The concept of a supercontinent, consisting of all the present-day continents joined together in one massive landmass, is well established in modern science. This hypothetical supercontinent is known as Pangaea or Pangea. But what does the Bible have to say about Pangaea? While the Bible does not directly mention Pangaea by name, a close examination of the biblical texts reveals some intriguing clues that resonate with the scientific concept of a unified primordial continent.
The Creation Account
The creation account in Genesis 1 describes how God created the heavens, the earth, and everything in them in six days. On the third day, God said, “Let the waters under the heavens be gathered together into one place, and let the dry land appear” (Genesis 1:9). This implies that initially the earth was covered with water, until God gathered the waters together and exposed the dry land.
Later in Genesis it describes how water came forth from the earth and watered the ground (Genesis 2:6). Taken together, these verses convey a picture of the early earth as covered in water, with dry land eventually emerging as the waters receded into underground reservoirs and bodies of water. This aligns with the scientific understanding of Pangaea as a supercontinent surrounded completely by ocean waters.
A United Landmass
Though Genesis does not explicitly mention Pangaea, it presents the earth as a united landmass initially. Genesis 1:9 refers to the gathering of waters “under the heavens,” implying a unified expanse of land. The dry ground that emerged is described as a single entity, not yet divided into continents and islands as we know them today.
Later, the Garden of Eden is presented as the source of four headwaters (Genesis 2:10-14). If taken as a literal geographic description, this depicts rivers flowing out from a centralized location to water the entire earth. Such a scenario fits well with the Pangaea model in which all land was joined.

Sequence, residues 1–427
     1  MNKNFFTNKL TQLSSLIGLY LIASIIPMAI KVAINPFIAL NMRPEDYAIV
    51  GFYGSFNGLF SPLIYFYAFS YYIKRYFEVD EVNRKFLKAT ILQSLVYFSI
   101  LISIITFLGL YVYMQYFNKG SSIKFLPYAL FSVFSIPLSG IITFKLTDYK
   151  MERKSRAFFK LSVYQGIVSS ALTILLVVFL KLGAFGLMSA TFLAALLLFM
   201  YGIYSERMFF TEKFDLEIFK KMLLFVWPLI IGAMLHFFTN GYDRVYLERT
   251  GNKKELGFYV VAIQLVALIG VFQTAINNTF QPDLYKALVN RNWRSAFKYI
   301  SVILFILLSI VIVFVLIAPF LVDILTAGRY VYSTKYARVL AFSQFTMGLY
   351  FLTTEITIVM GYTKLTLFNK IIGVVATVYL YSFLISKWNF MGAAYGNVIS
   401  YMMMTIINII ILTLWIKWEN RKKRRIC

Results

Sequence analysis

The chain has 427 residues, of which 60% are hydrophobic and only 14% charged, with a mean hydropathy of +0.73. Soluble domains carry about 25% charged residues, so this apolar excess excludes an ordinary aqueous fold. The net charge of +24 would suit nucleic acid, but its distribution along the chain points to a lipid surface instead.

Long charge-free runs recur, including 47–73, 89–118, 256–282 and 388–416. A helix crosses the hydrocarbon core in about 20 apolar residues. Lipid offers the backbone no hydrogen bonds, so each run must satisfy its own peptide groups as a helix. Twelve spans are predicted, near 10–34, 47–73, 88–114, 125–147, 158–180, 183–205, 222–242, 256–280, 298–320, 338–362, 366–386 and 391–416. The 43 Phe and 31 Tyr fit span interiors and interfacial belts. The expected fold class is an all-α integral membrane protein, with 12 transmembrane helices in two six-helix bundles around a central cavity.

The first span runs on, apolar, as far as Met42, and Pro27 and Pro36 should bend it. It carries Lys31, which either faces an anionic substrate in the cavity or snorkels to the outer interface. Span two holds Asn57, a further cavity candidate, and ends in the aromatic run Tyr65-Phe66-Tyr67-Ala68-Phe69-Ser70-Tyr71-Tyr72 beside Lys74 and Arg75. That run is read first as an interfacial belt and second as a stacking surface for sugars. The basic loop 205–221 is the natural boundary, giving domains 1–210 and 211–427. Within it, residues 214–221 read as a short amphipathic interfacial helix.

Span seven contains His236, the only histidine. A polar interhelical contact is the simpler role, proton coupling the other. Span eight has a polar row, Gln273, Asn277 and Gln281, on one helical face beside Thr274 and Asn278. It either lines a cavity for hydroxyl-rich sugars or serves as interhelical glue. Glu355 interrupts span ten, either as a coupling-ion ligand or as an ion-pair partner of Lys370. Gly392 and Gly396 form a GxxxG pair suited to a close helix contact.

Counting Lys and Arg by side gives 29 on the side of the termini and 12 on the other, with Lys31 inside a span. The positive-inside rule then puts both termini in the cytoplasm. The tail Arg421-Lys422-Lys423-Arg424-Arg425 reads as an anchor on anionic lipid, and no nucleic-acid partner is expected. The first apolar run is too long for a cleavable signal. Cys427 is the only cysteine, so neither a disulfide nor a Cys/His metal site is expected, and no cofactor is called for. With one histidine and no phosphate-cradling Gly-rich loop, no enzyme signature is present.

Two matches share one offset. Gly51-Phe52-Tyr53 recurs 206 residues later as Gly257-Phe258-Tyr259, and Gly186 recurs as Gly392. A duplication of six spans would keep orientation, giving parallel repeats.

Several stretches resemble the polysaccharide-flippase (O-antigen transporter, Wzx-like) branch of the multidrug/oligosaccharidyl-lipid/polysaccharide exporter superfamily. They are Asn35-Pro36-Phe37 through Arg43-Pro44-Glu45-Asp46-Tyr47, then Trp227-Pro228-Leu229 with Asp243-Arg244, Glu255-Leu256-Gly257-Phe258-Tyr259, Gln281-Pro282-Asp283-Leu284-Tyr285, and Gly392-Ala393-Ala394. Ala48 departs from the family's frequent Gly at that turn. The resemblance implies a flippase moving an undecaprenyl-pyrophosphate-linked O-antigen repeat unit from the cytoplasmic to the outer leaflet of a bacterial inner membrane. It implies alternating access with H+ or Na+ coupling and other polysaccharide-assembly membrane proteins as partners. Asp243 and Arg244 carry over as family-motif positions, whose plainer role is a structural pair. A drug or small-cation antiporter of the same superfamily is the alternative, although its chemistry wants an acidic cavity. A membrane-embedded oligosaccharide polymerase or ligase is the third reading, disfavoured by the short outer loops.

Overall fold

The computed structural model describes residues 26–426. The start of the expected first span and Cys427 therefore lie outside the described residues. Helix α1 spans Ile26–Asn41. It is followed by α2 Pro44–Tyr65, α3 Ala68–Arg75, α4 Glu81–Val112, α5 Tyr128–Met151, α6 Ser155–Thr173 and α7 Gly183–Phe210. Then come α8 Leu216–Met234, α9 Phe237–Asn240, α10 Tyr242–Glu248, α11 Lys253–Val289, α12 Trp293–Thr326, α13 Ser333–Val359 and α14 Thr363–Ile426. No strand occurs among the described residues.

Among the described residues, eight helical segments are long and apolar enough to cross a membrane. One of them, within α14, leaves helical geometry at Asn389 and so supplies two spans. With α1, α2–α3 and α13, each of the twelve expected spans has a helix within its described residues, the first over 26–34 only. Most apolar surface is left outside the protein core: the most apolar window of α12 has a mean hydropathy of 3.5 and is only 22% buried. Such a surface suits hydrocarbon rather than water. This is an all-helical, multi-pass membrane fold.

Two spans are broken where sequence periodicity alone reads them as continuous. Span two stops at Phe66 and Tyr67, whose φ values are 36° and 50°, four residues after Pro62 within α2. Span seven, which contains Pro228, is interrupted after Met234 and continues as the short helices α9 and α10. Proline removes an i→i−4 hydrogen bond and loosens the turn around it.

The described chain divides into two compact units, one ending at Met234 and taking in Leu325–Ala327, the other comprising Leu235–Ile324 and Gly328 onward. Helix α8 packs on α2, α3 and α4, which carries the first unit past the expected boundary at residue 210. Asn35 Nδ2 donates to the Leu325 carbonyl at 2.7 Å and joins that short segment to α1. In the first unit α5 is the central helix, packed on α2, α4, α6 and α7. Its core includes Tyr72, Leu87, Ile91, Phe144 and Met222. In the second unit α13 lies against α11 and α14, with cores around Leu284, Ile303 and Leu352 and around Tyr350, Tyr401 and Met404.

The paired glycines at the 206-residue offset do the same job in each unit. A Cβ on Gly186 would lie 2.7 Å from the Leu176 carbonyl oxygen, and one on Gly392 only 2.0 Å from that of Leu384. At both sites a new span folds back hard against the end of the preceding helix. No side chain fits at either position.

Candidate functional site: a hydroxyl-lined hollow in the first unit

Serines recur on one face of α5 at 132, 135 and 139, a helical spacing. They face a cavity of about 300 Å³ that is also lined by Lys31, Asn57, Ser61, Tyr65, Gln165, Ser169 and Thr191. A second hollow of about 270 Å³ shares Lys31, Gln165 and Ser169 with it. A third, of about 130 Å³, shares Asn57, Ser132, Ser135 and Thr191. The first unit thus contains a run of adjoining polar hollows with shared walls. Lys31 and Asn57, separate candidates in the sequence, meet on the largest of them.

While the Bible does not use the term “continental drift,” it contains passages that could describe the breakup of a unified landmass. In Genesis 10:25, in reference to the division of the earth among Noah’s descendants, it states: “the earth was divided.” This language echoes Pangaea’s eventual fragmentation into today’s continents.
Additionally, some Young Earth Creationists have interpreted Psalm 104:5-9 as describing the processes behind continental drift. Verses such as “the mountains rose, the valleys sank down” and references to establishing boundaries for the seas have been seen as alluding to tectonic plate activity forcing land masses apart over time.
A Dramatic Topographical Shift
The most explicit biblical mention of a dramatic shift in topography is found in Psalm 104:6-9. This passage describes a time when the mountains rose up and the valleys sank down to their pre-assigned places, as God rebuked the waters and established boundaries for the seas. This description evokes upheaval and change consistent with the breakup of unified continents and landmasses.
Some scholars posit this topographical overhaul happened during the biblical Flood or subsequent to it. If so, it may connect back to Genesis 10:25’s reference to the earth being “divided” around the time of Peleg, Noah’s descendant. Peleg’s name means “division,” which could signify the splitting of continents.
Possibility of a Water-Covered Early Earth
As mentioned earlier, Genesis 1:2 describes the Spirit of God hovering over the surface of the deep waters prior to the formation of dry land on Day 3. Some Young Earth Creationists argue this points to a completely water-covered early earth, aligned with scientific models showing early Pangaea surrounded by ocean.
2 Peter 3:5 also notes that “the earth was formed out of water and through water.” This lends credence to significant water coverage in the primordial era, before dry land emerged from the receding waters.
A Single Supercontinent an Intriguing Implication